|By Jeremy Bowen
It seemed a little safer on the low hill on the edge of Grozny. We wanted to avoid a repeat of the day before, when we had been caught in a Russian air strike in the center of the city. I had lain in the lee of a small wall, wishing my flak jacket covered my legs as well as my back, waiting for the cluster bombs to stop exploding. About a hundred yards away the bomb fragments killed the four Chechen fighters I had been interviewing a minute or so earlier. None of us in the BBC team had been feeling very lucky before the air strike. Now we felt like marked men, like everybody else in Grozny in the first few days of 1995.
We stood on the hill, filming, at fairly long range, the fires that the Russian bombardment had started. Then, new explosions, fire and smoke started to pour out of central Grozny. Perhaps I was just knocked back by a surge of adrenaline and fear, but my memory tells me that the earth shook and the blast vibrated through my guts. In the next few seconds the line of flame and smoke moved right along the line of the city’s main avenue that starts in Minutka Square and ends at the Chechen parliament building. It was a massive, coordinated attack by the heavy artillery and multiple rocket launchers I had seen on the Russian side of the lines. It was hard to believe that anybody could survive the inferno. Grozny disappeared under new clouds of flame and smoke and we got out with our tapes.
I went back into the center of Grozny most days that January. There were many more Russian attacks. Block after block of typical Soviet concrete- and-steel buildings were destroyed. In the few weeks after President Boris Yeltsin ordered his troops to end the Chechen rebellion, the Russians flattened the center of the city. Its destruction was more complete than anything I saw in the former Yugoslavia (including Mostar and Vukovar) and six other wars.
The laws of war state that an attacker must attempt to distinguish between military targets and civilians and their property. If he does not, he is guilty of the war crime of indiscriminate attack. If the attack also results in extensive, unnecessary, and willful damage then he is also guilty of wanton destruction. Proportionality is everything. The laws recognize that a legitimate military operation can kill noncombatants or damage their property. But any damage must not be excessive in comparison to the direct and concrete military advantage anticipated.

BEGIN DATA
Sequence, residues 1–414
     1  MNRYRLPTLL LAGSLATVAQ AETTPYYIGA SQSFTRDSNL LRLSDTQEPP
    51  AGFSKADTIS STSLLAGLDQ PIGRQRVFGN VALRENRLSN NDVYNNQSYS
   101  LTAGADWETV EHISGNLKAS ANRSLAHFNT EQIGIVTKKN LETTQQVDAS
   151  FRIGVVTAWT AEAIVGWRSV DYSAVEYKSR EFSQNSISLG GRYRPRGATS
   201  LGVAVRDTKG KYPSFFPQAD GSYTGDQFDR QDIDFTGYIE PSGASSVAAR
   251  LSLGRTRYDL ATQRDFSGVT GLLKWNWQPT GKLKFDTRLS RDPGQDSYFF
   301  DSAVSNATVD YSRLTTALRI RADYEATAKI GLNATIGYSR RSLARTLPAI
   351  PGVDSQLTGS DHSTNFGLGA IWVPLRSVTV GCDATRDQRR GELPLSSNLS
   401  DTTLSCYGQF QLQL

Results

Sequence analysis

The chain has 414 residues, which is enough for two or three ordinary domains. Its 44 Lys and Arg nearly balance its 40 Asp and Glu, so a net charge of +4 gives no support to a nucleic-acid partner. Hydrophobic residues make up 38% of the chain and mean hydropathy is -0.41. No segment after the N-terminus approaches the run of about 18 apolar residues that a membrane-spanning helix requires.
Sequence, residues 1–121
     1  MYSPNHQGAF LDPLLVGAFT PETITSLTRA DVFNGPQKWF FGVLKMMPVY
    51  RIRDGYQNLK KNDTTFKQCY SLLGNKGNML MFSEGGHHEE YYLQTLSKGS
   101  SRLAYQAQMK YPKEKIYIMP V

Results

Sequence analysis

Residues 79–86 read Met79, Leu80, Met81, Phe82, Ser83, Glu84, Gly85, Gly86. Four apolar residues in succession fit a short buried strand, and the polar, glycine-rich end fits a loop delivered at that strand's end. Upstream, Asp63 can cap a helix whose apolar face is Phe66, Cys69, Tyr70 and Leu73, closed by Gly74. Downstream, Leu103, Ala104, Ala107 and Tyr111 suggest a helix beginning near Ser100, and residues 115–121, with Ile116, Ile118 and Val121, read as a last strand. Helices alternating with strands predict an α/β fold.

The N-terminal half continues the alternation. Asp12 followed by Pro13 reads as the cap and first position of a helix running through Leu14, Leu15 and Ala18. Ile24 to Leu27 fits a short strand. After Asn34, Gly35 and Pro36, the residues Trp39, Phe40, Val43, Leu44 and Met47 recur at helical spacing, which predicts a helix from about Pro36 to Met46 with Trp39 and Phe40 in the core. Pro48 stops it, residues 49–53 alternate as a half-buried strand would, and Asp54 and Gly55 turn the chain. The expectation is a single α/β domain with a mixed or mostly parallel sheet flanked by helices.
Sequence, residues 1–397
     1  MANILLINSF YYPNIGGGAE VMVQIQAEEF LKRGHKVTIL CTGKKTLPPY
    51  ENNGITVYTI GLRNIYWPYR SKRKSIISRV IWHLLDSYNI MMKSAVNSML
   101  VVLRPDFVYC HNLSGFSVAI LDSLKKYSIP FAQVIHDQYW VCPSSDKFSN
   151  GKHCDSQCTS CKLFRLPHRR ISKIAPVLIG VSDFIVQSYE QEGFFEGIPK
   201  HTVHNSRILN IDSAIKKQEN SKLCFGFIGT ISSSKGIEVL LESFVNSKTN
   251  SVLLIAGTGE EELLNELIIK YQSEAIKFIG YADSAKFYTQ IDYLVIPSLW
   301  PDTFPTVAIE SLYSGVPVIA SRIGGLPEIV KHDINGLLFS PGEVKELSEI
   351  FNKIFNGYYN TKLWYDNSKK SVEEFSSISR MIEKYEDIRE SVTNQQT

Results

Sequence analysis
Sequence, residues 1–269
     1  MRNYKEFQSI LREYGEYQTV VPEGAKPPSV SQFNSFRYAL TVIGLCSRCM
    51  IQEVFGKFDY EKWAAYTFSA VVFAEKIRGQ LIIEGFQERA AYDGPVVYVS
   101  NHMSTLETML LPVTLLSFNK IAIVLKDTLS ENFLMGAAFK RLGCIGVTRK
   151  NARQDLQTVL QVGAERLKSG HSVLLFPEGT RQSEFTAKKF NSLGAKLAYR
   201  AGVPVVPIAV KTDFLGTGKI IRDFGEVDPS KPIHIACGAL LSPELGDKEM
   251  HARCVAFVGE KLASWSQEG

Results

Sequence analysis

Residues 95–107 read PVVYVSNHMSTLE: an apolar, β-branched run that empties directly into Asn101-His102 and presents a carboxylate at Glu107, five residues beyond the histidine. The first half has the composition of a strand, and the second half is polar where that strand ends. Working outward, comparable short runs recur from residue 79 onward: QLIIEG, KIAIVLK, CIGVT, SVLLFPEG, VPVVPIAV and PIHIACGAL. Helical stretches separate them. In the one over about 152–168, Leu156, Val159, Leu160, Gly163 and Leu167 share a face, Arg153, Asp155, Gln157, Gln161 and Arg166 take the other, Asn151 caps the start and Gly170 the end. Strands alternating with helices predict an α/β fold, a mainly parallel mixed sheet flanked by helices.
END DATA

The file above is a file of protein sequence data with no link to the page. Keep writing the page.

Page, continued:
Despite the laws’ clarity, their application is often clouded by other considerations. At the Nuremburg Trials, Hermann Goering, the German air minister, and all the major war criminals were charged with “the devastation of towns, not justified by military necessity, in violation of the laws of war.” The charges were not pursued, perhaps because they were accused also of a wide range of other crimes and because the Allies did not want to draw attention to their own bombing campaigns in Germany and Japan.
And in Grozny, Russia could cite the fact that small groups of Chechen fighters were moving around the city almost at will, working their way up to the main confrontation line where they were killing hundreds of Russian conscripts. The shelling I witnessed followed the disastrous failure of a force of Russian tanks to break into the city center. Moscow might argue that shelling was the best and only way to take on the highly motivated Chechens.
If Grozny itself is an ambiguous case under the laws of war, there were plenty of examples that were crystal clear. The scene was a crossroads on the road into Grozny. Refugees had been flooding out of the city in the face of the Russian attack, and enterprising traders had set up corrugated iron shacks to sell drinks and food to those who had money. You could hear the noise of shelling coming from Grozny. Sometimes Russian warplanes flew overhead on their way to bomb the city. In the middle distance the silvery shape of a Russian helicopter-gunship hovered almost motionless over one of the outlying villages. Every now and then it launched a missile into the village, where the Chechens were putting up stiff resistance.
The war was all around, but the crossroads seemed like a backwater. I never saw Chechen fighters use it. The closest bridges were three-quarters of a mile away, and the Russian Air Force had blown up one.
But one morning in January 1995, Russian warplanes had attacked the crossroads, bombing and strafing. There were wounded in the hospital and, we were told, about half a dozen dead—all civilians. There were impact craters in the road. All that was left of the food-and-drink stands were a few twisted pieces of corrugated iron. The traders were picking up where they had left off, rebuilding the stands. And the refugees were still moving out of Grozny. The devastation of the crossroads, though on a far smaller scale than the attack on Grozny, was by all available evidence, a pure example of